An Open Letter to Urban Outfitters on Columbus Day

by Guest Contributor Sasha Houston Brown

Urban Outfitters

Dear Glen T. Senk, CEO Urban Outfitters Inc.

This past weekend, I had the unfortunate experience of visiting a local Urban Outfitters store in Minneapolis. It appeared as though the recording “artist” Ke$ha had violently exploded in the store, leaving behind a cheap, vulgar and culturally offensive retail collection. Plastic dreamcatchers wrapped in pleather hung next to an indistinguishable mass of artificial feather jewelry and hyper sexualized clothing featuring an abundance of suede, fringe and inauthentic tribal patterns.

In all seriousness, as a Native American woman, I am deeply distressed by your company’s mass marketed collection of distasteful and racially demeaning apparel and décor. I take personal offense to the blatant racism and perverted cultural appropriation your store features this season as “fashion.”

All too often industries, sports teams and ignorant individuals legitimize racism under the guise of cultural “appreciation”. There is nothing honorable or historically appreciative in selling items such as the Navajo Print Fabric Wrapped Flask, Peace Treaty Feather Necklace, Staring at Stars Skull Native Headdress T-shirt or the Navajo Hipster Panty. These and the dozens of other tacky products you are currently selling referencing Native America make a mockery of our identity and unique cultures.

Your corporate website claims to “offer a lifestyle-specific shopping experience for the educated, urban-minded individual”. If this is the case, then clearly you have missed the mark on your target demographic. There is simply nothing educated about your collection, which on the contrary professes extreme ignorance and bigotry.

My primary concern with your company is the level on which you are engaging in cultural and religious appropriation. None of your products are actually made by Indigenous nations, nor were any Native peoples involved in the production or design process. On the contrary, you have created cheap knock-off trinkets made in factories overseas. Selling imported plastic and nylon dreamcatchers disrespects our history and undermines our sovereignty as Tribal Nations.

Did I mention that marketing inauthentic products using Native American tribal names is also illegal? The company’s actions violate the Federal Indian Arts and Crafts act of 1990 and the Federal Trade Commission Act. According to the Department of the Interior:

“The Indian Arts and Crafts Act of 1990 (P.L. 101-644) is a truth-in-advertising law that prohibits misrepresentation in marketing of Indian arts and crafts products within the United States. It is illegal to offer or display for sale, or sell any art or craft product in a manner that falsely suggests it is Indian produced, an Indian product, or the product of a particular Indian or Indian Tribe or Indian arts and crafts organization, resident within the United States. If a business violates the Act, it can face civil penalties or can be prosecuted and fined up to $1,000,000”.

I doubt that you consulted the Navajo Nation about using their tribal name on sophisticated items such as the “Navajo Hipster Panty”. In fact, I recently became aware that the Navajo Nation Attorney General sent your company a cease and desist letter regarding this very issue. I stand in solidarity with the Navajo Nation and ask that you not only cease and desist selling products falsely using the Navajo name, but that you also stop selling faux Indian apparel that objectifies all tribes.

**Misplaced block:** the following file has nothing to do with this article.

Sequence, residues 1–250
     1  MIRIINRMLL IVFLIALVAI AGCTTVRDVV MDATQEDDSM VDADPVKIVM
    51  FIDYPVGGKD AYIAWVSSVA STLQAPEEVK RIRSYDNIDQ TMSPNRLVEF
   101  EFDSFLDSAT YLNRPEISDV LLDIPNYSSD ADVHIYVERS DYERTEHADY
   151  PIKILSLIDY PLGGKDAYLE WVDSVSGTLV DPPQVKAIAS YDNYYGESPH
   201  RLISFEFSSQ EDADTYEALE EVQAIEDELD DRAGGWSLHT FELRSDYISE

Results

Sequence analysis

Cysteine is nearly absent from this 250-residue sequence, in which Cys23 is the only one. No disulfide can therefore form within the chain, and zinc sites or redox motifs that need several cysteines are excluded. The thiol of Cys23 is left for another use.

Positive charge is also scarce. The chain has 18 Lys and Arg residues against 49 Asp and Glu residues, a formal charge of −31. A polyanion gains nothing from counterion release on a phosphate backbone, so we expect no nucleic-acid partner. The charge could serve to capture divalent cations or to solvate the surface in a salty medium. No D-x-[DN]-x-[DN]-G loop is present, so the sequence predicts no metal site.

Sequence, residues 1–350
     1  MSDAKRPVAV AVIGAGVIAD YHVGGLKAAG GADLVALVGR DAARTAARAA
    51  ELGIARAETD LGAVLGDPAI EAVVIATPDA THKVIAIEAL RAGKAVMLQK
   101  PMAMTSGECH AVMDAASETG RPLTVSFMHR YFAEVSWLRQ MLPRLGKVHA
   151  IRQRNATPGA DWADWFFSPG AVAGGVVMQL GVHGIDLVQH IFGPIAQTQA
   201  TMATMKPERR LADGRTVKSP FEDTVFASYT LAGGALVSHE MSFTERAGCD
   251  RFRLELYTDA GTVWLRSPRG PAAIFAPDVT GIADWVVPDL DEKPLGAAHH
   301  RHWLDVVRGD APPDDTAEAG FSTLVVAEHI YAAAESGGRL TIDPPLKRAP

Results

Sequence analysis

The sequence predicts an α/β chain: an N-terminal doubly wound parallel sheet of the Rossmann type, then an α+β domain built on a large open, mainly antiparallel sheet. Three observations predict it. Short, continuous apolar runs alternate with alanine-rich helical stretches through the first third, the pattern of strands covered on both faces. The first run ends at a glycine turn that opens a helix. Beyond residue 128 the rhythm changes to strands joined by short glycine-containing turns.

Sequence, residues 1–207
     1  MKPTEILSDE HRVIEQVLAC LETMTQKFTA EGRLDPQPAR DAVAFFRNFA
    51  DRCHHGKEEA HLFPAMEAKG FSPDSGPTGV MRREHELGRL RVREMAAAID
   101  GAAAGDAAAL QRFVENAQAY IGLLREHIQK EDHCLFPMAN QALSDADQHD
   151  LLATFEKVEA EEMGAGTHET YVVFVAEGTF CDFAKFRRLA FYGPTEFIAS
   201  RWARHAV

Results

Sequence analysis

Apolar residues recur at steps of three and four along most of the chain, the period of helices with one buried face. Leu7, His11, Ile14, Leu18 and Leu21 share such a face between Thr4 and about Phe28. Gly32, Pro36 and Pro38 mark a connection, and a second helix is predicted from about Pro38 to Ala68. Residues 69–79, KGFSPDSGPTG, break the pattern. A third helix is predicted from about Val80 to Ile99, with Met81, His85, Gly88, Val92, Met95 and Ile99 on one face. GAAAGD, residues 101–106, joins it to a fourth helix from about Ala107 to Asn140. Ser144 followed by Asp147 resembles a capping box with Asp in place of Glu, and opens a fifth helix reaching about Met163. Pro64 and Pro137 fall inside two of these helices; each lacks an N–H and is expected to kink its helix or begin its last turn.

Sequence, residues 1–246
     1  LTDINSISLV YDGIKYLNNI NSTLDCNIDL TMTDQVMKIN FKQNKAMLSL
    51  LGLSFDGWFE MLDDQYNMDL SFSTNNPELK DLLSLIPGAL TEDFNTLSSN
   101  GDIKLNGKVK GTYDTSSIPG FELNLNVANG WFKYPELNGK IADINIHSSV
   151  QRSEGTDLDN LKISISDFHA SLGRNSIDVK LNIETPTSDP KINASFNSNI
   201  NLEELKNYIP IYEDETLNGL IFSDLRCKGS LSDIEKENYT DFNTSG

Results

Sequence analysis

Urban Outfitters Inc. has taken Indigenous life ways and artistic expressions and trivialized and sexualized them for the sake of corporate profit. It is this kind of behavior that perpetuates the stereotype of the white man’s Indian and allows for the ongoing commodification of an entire ethnic group. Just as our traditional homelands were stolen and expropriated without regard, so too has our very cultural identity. On this day that America still celebrates as Columbus Day, I ask that do what is morally right and apologize to Indigenous peoples of North America and withdraw this offensive line from retail stores.

Sincerely,

Sasha Houston Brown, Dakota
Santee Sioux Nation

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  • guest

    And why does the Washington Post have its comments closed for this article?

  • http://profiles.google.com/tragicnotbeautiful fee .

    Charlie, I love you.

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  • http://www.facebook.com/beezyyx AnnaLeigh Douglass

    i agree with your point, Sasha, as i am Najavo (Diné) myself. but i also noticed that you said, “i doubt that you consulted the Navajo Nation…” and also “…nor were any Native peoples involved in the production or design process.”  do you know these things as facts? did you ever ask before making the assumption? i think that may be an important flaw in your argument.

    that being said, i definitely whole-heartedly agree and support your plea for the correction of these product names. i, too, think it is completely wrong to place the Navajo name on any products that weren’t directly created by our people.

  • Samantha

    I am a skinny little college white girl, but I am so appalled when I see other people from my demographic dressing up in Native American headdresses etc. that they do not know the meaning behind. They’re ignorant of the culture and I can’t believe that it goes so widely without objection.

  • Walterrice44

    I certainly would have signed the petition. Urban Outfitters knockoffs were extremely offensive. Even though I got an email before  the date when they relented I did not reply. (Did they issue a public apology and publicize it, that I don’t know) The reason I didn’t is I have almost 10,000 messages in my e-mail box. I do miss a lot of important events.  When I get a chance, I’m going to try to  Clear out my e-mail.